Grandparents: What legal rights do I have?

Most grandparents look after their grandchildren on a regular basis, however, under the current law, grandparents have no automatic legal right to a relationship with their grandchildren.  

This is due to the fact that grandparents do not have any automatic parental responsibility (PR) for their grandchildren. Usually, it is the parents who have PR and so are the ones to make decisions about the day-to-day care and welfare of the child, unless an alternative order has been made by the Court.  

There are some situations in which grandparents may acquire PR. For example, where Social Services are involved in a child’s life, grandparents may approach solicitors to obtain advice where PR is required. Further, advice may be necessary if the grandparents are being prevented from spending good quality time with their grandchildren.  


What Orders are available?  

  • Child Arrangement Order 
  • Special Guardianship Order 
  • Specific Issue Order 
  • Prohibited Steps Order 
  • Adoption  

These are a number of Court orders which may be available to grandparents, dependent upon the circumstances. All of the above Orders are able to help build and promote the emotional bond and relationship between grandchildren and grandparents.  


Process of obtaining an Order?  

In circumstances whereby family relationships have broken down and families are unable to reach an agreement around grandparents spending time with their grandchildren, mediation would often be encouraged. This would give the grandparents and parents the opportunity to amicably reach an agreement about contact with the help of a mediator.  

However, the option of mediation is sometimes unrealistic or simply is not successful in resolving the issue. In this instance, the next option for grandparents would be to make an application to the Court.  

In order for grandparents to make an application to the Court, they will need to apply for ‘leave’ of the Court. This simply means they need to ask the Court for permission to be heard about the particular issue. 

Permission of the Court is not required if the child has lived with the grandparents for three years, provided that this period did not end more than three months before making the application.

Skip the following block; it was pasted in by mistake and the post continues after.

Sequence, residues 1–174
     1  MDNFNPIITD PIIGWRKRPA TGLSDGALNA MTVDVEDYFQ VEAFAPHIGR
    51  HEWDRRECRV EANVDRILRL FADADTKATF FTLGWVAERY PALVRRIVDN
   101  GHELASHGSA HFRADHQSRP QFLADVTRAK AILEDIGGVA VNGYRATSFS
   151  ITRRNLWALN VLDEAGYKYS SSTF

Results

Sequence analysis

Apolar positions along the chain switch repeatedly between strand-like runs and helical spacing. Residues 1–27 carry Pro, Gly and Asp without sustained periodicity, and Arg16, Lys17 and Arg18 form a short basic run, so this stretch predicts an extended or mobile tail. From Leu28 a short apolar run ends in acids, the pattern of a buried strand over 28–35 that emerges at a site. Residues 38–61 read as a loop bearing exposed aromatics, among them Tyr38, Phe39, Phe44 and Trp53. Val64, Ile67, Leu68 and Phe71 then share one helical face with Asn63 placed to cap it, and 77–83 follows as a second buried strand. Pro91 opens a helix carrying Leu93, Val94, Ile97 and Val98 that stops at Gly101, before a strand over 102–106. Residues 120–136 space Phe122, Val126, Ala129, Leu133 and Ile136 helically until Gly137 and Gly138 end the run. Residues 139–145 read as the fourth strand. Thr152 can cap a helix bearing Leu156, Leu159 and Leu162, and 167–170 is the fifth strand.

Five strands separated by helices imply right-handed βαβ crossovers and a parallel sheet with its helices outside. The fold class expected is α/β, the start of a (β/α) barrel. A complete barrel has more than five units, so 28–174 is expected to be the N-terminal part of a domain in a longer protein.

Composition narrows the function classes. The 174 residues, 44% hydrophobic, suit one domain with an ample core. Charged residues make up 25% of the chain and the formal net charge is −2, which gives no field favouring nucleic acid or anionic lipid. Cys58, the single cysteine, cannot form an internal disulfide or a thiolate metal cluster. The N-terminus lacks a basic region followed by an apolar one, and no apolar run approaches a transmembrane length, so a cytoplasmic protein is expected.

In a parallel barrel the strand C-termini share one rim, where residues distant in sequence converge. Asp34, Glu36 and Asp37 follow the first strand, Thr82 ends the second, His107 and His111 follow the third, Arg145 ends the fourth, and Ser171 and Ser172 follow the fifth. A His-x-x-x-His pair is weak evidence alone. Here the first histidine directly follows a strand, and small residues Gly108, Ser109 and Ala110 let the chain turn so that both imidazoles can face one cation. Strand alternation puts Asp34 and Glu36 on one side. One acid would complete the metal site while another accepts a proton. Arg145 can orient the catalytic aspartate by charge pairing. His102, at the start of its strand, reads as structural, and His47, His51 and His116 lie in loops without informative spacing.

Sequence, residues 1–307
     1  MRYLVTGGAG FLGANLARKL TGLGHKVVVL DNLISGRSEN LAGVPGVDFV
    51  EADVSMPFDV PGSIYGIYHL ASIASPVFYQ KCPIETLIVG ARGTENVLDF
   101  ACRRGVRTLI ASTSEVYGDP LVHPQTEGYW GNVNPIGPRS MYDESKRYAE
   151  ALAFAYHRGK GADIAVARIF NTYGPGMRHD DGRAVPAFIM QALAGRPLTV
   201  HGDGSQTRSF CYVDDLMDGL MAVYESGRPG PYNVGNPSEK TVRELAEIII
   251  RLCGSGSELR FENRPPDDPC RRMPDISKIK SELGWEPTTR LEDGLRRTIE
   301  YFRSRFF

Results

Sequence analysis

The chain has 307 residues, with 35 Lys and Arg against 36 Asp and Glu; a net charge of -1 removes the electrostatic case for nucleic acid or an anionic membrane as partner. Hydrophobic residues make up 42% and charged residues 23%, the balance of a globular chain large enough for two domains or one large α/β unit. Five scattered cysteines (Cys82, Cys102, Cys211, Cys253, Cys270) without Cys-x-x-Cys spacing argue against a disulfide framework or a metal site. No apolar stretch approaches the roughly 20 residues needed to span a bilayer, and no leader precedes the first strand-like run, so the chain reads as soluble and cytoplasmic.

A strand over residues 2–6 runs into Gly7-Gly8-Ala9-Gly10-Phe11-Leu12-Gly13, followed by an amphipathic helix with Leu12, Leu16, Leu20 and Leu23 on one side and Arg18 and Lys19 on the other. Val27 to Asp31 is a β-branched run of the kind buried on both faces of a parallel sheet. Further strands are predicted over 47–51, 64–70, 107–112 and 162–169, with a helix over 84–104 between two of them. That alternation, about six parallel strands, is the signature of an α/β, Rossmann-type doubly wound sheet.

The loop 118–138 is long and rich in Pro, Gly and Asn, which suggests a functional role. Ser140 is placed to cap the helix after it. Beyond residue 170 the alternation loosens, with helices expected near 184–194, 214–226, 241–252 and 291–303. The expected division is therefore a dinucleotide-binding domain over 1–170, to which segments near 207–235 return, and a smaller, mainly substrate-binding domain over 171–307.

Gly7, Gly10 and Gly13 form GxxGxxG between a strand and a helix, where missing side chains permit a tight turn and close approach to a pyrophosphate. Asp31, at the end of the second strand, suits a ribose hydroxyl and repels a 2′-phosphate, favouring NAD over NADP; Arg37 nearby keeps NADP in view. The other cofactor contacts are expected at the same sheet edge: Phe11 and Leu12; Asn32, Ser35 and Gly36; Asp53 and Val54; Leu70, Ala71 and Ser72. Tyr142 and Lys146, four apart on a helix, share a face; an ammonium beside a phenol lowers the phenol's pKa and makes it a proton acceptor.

Welfare of the Child: 

When making a decision, the Court will always prioritise the welfare of the child.  

In the same way parents would need to, grandparents are required to satisfy the welfare checklist. However, there is no presumption by the Courts that grandparents should have contact with a child unless there is good reason not to allow it.  

The welfare checklist requires the Court to consider: 

  • The ascertainable wishes and feelings of the child 
  • The child’s physical, emotion and educational needs 
  • The likely effect on the child if circumstances change as a result of the Court’s decision 
  • The child’s age, sex, background, and any other characteristics which would be relevant to the Court’s decision 
  • Any harm the child has suffered or may be at risk of suffering 
  • The capability of the child’s parents (or any other person the Court may find relative) in meeting the child’s needs 
  • The powers available to the Court in the given proceedings 

What will the Court consider?  

The Court will take into account:  

  • The nature of the proposed application 
  • Any risk of disrupting the child’s life to such an extent that they would be harmed by it 
  • When the child is being looked after by a local authority, what the authority’s plans for the child’s future are, and the wishes and feelings of the child’s parents 

The Court will also look at the grandparents’ relationship with the child, the nature of the application, whether contact with the grandparents would be harmful to the child in any way, and if continuing contact with the grandparents would negatively impact the rest of the family. 

Grandparents can find the Court process a very daunting one, however, it is important that they remember that they do have options when it comes to seeking regular contact with their grandchildren or having more involvement in their grandchildren’s lives.  

If you are a grandparent seeking advice on your rights to see your grandchildren, please do not hesitate to contact our family department who will be more than happy to advise you as necessary. 

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